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White paper: Defense spending 'reasonable and appropriate'

By Zhang Zhihao | chinadaily.com.cn | Updated: 2019-07-24 10:21
Soldiers open fire on board the guided-missile destroyer Haikou during an international maritime exercise. [Photo by SHAO LONGFEI/FOR CHINA DAILY]

China's defense spending is "reasonable and appropriate" and accounts for a relatively low percentage of the country's GDP and government expenditure compared with other major countries, a defense white paper published on Wednesday said.

Titled China's National Defense in the New Era, the country's 10th national defense white paper -- and the first comprehensive defense white paper since 2012---was published by the Information Office of the State Council, China's Cabinet.

It said that since the start of reform and opening-up in the late 1970s, China has witnessed steady and moderate growth in its defense expenditure, which has grown in tandem with the overall development of the national economy and government spending.

The ratio of China's annual defense spending to GDP fell from a peak of 5.43 percent in 1979 to 1.26 percent in 2017, it said, and the ratio of defense budget to government expenditure decreased from 17.37 percent in 1979 to 5.14 percent in 2017.

To keep pace with the country's modernization efforts, the document said China is focusing on fortifying its national defense and building a strong military commensurate with the country's international standing and its national security and development interests.

China also hopes to narrow the gap between the PLA and other militaries and remedy deficiencies in the military's modern warfare capabilities.

From 2012 to 2017, China's defense budget increased from 669.19 billion yuan to 1,043.24 billion yuan ($151.56 billion). While the average defense budget growth rate was around 9.42 percent in these years, China's GDP grew by an average of 9.04 percent and government spending grew by an average of 10.43 percent.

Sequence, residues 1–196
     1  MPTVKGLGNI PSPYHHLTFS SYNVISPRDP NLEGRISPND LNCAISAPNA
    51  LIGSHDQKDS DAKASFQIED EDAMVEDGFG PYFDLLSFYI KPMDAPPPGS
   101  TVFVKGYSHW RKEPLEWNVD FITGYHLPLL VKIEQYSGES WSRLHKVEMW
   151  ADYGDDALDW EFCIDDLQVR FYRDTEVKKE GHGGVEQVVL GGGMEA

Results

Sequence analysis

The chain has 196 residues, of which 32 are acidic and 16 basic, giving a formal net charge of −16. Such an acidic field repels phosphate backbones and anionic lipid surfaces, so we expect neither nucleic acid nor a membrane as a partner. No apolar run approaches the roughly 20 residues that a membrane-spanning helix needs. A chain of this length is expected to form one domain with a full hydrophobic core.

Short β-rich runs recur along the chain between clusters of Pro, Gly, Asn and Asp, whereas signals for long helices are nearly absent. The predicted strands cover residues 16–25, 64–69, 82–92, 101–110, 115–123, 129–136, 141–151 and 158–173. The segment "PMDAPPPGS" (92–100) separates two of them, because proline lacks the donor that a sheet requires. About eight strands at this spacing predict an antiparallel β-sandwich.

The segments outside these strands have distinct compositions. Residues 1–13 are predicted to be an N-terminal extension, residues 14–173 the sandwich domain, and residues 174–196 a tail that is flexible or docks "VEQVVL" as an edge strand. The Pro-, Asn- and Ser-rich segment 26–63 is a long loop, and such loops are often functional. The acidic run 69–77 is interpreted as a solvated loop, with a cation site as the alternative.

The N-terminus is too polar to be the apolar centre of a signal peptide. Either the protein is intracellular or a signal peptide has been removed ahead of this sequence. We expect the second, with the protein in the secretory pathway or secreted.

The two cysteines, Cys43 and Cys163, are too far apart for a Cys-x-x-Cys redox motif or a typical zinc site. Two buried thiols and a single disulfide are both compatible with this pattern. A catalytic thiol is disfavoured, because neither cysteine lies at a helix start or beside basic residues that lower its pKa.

The main spending areas in the defense budget to see increased spending were equipment development, military reform, training, humanitarian operations, and the provision of better services and salaries for military personnel.

In an international context, China had the world's second-largest military budget in 2017, but it was less than a quarter that of the United States.

From 2012 to 2017, China's average annual defense expenditure was around 1.3 percent of GDP. The US figure was 3.5 percent, with Russia on 4.4 percent, India 2.5 percent, and the United Kingdom 2 percent.

The white paper said China's defense spending is open and transparent, as well as being reasonable and appropriate.

Because its external security environment is complex, China faces serious challenges in safeguarding its national sovereignty, territorial integrity, maritime rights and other interests, it said.

The white paper said there is still a wide gap between China's defense spending and meeting those goals and fulfilling its international responsibilities and obligations as a major country.

That means China's defense expenditure will maintain moderate and steady growth in the future.

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